New Year’s traditions around the world
With New Year’s Eve just around the corner, we thought we’d take a closer look at some of the special New Year’s traditions from around the world. Have you heard of any of these before?
In Spain, locals will eat precisely 12 green grapes at the stroke of midnight on New Year’s Eve. This first arose in Alicante when vine growers would try to sell more produce at the close of the year – and the tradition stuck! It is believed that eating these grapes will bring prosperity and good fortune.
Italy and Brazil: lentils
As lentils are shaped similarly to a coin, they are seen as symbols of prosperity in both Italy and Brazil. In both countries, they will often be consumed at a New Year’s Eve dinner in the hope that they will bring good fortune in the year ahead.
The Colombian food of choice is potatoes, though in this case, they’re not for eating! On the last night of the year, Colombians will place three potatoes – one peeled, one unpeeled and one half-peeled – under their beds. At midnight, they will reach under their bed and pull out the first potato they find. A peeled potato will indicate financial issues, unpeeled will suggest an abundance of wealth, and half-peeled suggests somewhere in the middle. What a mash up!
The Philippines: round fruits
Italy and Brazil aren’t the only ones with a penchant for coin-shaped food. In the Philippines, the New Year is celebrated by serving 12 round fruits, each thought to represent wealth for every month of the year. Apples, melons and oranges are popular choices – but any round fruit is permitted.
Denmark: cod, doughnuts and smashing crockery
On a more outlandish note, the Danes have a couple of New Year’s traditions that are decidedly unique! Following a traditional meal of boiled cod with mustard, the Danes will then promptly eat a tower of marzipan doughnuts known as kransekage. It is also a Danish tradition to throw china at the front doors of friends and neighbours in the hope of leaving any ill-feeling in the past. It is thought that the bigger the pile of broken dishes outside your door, the more luck you’ll have in the coming year!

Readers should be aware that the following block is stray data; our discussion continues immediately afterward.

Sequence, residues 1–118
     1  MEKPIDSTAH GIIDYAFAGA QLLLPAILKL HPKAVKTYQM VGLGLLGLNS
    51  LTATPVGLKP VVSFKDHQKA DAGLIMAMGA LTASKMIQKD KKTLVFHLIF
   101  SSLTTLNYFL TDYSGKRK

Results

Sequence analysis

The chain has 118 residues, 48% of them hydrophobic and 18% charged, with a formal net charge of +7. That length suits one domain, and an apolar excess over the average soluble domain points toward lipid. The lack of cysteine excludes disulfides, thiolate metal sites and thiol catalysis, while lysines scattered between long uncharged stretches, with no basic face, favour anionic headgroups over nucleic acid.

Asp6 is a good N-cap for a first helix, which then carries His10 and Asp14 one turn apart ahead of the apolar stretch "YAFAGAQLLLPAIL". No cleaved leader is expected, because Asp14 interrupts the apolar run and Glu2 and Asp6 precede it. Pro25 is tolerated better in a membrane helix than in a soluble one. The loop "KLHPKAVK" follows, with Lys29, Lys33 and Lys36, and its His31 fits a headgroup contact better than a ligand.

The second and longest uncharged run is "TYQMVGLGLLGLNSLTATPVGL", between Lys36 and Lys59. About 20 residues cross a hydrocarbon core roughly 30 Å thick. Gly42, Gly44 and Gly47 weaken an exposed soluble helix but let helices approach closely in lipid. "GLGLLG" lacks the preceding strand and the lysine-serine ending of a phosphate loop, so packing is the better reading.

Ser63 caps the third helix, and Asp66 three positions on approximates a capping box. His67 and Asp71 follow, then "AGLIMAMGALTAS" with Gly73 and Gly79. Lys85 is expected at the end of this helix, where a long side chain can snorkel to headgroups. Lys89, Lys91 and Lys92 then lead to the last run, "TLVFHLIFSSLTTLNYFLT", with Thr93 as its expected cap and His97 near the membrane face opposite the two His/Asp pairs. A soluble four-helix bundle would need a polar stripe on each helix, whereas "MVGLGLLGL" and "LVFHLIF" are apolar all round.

Again…not for eating! In Ireland, it is common for people to bang bread on the walls of their houses on New Year’s Eve. Aside from bringing an abundance of food and bread the following year, the belief is also that this will bring about good luck and chase away evil spirits.
Russia: fizz and ashes
Forget the food – in Russia, it’s all about the fizz! On New Year’s Eve, it is traditional in Russian culture to write down your wishes on a piece of paper. The wishes are then burned with a candle and the ashes are drunk in a glass of champagne. Could be worth a shot!
We hope you enjoyed learning more about some of the fascinating and varied traditions from New Year’s Eve around the world. If you’ve got one you’d like to share, don’t hesitate to get in touch on social media. We hope you had a cracking Christmas – and a fabulous New Year!